Sir Clive Woodward has been to the top of the sporting mountain. Winning the Rugby World Cup with England back in 2003 was the pinnacle of Woodward's career and now, nearly two decades later, he's back on that same metaphorical mountain, only this time he's slaloming his way down.
Having swapped silverware and scrum-halves for snow and salopettes, Woodward is now situated in the French Alps, hoping to create an Olympic gold medallist inside eight years in the sport of skiing. It has been thirty years since Woodward began his managerial career in the sport of rugby, yet now he is attempting to use his same winning techniques to create champions in another sport.
His official title is now director of sport at a multi-million-pound ski academy, who boast a training complex which cost £43m. All of this change was instigated by Hugh Osmond, a multi-millionaire with a burning desire to shake up skiing. For too long the usual names have dominated the slopes with good reason. Austria, Italy, Switzerland - the typically snowy countries take the medals at the Winter Olympics, and they always have done.
After a speedy phone call, Osmond met up with Woodward at the 2010 Winter Olympics in Whistler and thrashed out his plan. The former rugby chief was sold.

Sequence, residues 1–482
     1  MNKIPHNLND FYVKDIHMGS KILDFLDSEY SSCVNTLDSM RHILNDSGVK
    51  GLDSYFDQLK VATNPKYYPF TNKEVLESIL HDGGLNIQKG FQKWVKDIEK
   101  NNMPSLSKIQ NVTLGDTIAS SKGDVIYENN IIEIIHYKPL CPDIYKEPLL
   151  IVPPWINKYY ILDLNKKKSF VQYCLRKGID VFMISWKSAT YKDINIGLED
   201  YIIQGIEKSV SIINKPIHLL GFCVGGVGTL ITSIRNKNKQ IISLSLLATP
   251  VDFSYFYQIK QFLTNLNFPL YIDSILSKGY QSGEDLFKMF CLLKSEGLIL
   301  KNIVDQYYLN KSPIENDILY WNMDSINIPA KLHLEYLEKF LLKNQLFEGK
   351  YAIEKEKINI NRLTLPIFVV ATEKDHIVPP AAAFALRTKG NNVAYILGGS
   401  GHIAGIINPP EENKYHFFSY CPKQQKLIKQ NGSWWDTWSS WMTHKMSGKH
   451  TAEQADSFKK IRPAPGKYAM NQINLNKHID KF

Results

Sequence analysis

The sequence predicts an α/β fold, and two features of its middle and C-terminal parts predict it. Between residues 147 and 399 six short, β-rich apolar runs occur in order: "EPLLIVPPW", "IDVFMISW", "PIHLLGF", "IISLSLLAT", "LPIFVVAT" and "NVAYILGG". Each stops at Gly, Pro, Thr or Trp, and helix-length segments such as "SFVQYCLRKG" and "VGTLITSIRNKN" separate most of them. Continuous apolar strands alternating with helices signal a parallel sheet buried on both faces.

“I have always loved skiing but had never thought about entering it in a professional capacity. This really caught my interest. He wanted to disrupt skiing and I thought, 'Yes, why not?” he told the Daily Mail.
After half a decade of planning, the Apex facility was finally opened last month. 7000 ft above sea level and it currently is home to 36 teenage skiers, but that number is set to sky-rocket to 160 over the next two years. This facility has been built so it is right at the forefront of the game for top young skiers.
There is a sleep expert, a boarding school with rubber chairs to help blood circulation and a ban on students using screens after 8pm. A nutritionist helps ensure that the students are fueling their bodies in the right way while discussions are constantly ongoing between the ski academy and other top performance centres around the world, including Manchester City’s academy and the Royal Ballet School.
There is also a workshop with hundreds of pairs and skis and boots while Woodward is keen to instil a mindset of success from the word go.
“It was important for me that it is an international academy because that is the best way to maintain a high level on the slopes, having the best from around the world around you.”
“From teaching to rugby to now, education has always been at the centre for me. Discover, distil, do. Three Ds. It applies in the classroom and it applies in sports training. If you're training for corner kicks, discover what the best teams do, study it over and again, then distil it into five or six key points, then train to do it.”
Team GB won just five meals at the last games in 2018, one gold and four bronze, with just one bronze coming in the skiing events. Woodward will be looking to improve on that total in the future, but these youngsters could provide long term success for the country and raise the level of the sport.
World Cup-winning manager. Check. Olympic gold medal-winning trainer? Coming soon.